chrisb
Reader
chrisb

Quite the silliest claim I’ve read for a while … “All terrorism is state Sponsored”. Is there really no terrorism in failed states like Somalia in the 90s or Lebanon during the Civil War? Did the rise of paramilitary and guerrilla armies not occur in Colombia because of the weakness of the state? Is the Mafia, an organisation that developed in order to oppose the new state of Italy, a terrorist organisation?

pimatters
Reader

I think he means that ‘All terrorism is sponsored by some state somewhere’. Not necessarily the state that it is perpetrated in. In Columbia, who was financing, weaponising, assisting the params and guerillas. You don’t have to agree with it but it isn’t completely silly. This whole article is the right to say things. You have an equal right to disbelieve them

Ballrog
Reader
Ballrog

I guess he should have said “most terrorism is state sponsored” or rather state induced. You should really read about the history of Somalia and how the Soviet Union and USA fucked up that country. After gaining independence nobody envisioned the most homogeneous country in Africa to become a failed state shit-hole. And do you really believe US had nothing to do with Colombia?? Come on! I will give you half a point for the Italian Mafia but the Italian state was always corrupt as hell and has plenty of skeletons in it’s closet. Some power structures/Institutions are, after all,… Read more »

Dead World Walking
Reader
Dead World Walking

The WWW has become the 1%’s Frankenstein monster.
We all know how that story ended.
The 1% crave ABSOLUTE power.
We all know how that ends too.

StAug
Reader

“That’s not to say that Rufus Hound was right or wrong. I’m not writing in defence of conspiracy theories per se. Maybe every conspiracy theory is wrong. Maybe Oswald was guilty as hell and physics stopped working on 9/11. Or maybe John Lennon is still alive and Stanley Kubrick directed the moon landings. It’s immaterial. This goes beyond that. This is about free speech, and the right to be wrong.” Yes, true (and wink noted), but there’s something to be said for nailing one’s colors to the mast and dispensing with the bet-hedging equivocations that the Sort-of-Conspiracy-Theory-Minded-Left uses in polite… Read more »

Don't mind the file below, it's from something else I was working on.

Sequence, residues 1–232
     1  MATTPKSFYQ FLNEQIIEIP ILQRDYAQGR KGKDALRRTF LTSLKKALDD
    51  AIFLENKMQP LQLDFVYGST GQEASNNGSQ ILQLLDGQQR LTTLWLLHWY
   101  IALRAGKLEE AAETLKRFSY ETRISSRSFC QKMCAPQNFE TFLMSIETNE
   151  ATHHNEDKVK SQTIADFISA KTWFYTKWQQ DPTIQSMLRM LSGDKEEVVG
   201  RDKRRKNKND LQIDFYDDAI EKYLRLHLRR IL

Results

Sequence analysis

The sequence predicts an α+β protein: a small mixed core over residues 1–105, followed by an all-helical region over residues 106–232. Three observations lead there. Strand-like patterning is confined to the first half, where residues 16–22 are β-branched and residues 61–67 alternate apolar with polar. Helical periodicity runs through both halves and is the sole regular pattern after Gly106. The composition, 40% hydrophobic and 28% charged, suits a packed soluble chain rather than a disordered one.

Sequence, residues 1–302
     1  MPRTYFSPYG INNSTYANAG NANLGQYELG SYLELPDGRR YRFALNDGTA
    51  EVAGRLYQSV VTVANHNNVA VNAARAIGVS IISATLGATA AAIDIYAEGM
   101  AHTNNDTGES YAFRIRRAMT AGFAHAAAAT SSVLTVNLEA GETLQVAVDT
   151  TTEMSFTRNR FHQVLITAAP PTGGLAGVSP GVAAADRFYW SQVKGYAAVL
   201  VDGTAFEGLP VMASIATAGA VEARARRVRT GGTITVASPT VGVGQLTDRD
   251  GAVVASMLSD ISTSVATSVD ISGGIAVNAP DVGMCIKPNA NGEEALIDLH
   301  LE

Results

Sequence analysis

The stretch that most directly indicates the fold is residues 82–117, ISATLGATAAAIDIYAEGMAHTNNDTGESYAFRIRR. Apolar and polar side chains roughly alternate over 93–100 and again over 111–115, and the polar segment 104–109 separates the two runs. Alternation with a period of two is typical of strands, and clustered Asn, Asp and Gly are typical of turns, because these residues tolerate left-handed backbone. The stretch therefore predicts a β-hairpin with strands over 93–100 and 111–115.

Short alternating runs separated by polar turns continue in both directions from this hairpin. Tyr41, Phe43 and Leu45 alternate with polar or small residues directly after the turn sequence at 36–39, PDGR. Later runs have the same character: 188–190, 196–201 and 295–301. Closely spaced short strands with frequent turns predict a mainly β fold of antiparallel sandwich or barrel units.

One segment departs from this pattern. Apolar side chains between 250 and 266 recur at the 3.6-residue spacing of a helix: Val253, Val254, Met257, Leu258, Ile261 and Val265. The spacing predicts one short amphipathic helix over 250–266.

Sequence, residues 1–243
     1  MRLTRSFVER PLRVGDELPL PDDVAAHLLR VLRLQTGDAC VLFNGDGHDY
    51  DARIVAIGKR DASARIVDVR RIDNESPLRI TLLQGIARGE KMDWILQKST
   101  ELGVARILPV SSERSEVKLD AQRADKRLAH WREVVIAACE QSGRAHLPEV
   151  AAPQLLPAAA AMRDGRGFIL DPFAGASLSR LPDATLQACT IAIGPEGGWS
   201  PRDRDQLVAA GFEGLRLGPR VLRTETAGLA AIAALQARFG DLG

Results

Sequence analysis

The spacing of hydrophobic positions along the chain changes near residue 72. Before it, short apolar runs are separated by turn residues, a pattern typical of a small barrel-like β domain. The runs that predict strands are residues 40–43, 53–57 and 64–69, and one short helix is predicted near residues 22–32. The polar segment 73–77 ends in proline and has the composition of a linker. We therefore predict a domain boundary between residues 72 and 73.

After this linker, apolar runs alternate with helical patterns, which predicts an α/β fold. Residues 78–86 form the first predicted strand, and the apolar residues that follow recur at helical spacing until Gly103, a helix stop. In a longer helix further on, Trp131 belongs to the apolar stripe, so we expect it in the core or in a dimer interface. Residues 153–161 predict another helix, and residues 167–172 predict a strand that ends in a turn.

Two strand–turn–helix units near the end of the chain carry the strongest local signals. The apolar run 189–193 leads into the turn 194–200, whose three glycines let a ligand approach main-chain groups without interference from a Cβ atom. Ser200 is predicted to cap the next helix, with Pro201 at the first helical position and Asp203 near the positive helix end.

Frank
Reader
Frank

”When I entered these Manchester Event debates at the OffG (three days ago?) I assumed that everyone was essentially (even deeply) conversant with the History of stage-managed Crises starting, at least, since 2001.” Go back nearly 100 years and the record would be more accurate. On 7 May 1915, the US passenger Liner – Lusitania – was headed from New York to Liverpool in England. The ship was torpedoed – by a German U-boat off the coast of Ireland. She sank in 18 minutes 1198 passengers were lost and 761 were rescued. This stirred up the anti-German furore in the… Read more »

StAug
Reader

My favorite keywords relating to the Gulf of Tonkin “incident”: “Jim Morrison”

Doug Colwell
Reader

Yeah, that one got to me too.
As it happens he autographed a coke cup for me when I was 12 years old. Little did I know who he really was.

johnschoneboom
Reader
johnschoneboom

Thanks Kit, well said. It really is the extremely tiresome cliché that just refuses to look in its own hackneyed mirror. The same tired old prima facie dismissals of conspiracy theory, followed by the obligatory acknowledgement of real conspiracies, followed undeterred by contemptuous laughter. The exact same formula since Hofstadter, usually with none of his nuance. Sometimes the only medicine is a little Baudrillard: “Say: This is real, the world is real, the real exists (I have met it) — no one laughs. Say: This is a simulacrum, you are merely a simulacrum, this war is a simulacrum — everyone… Read more »

Norman Pilon
Reader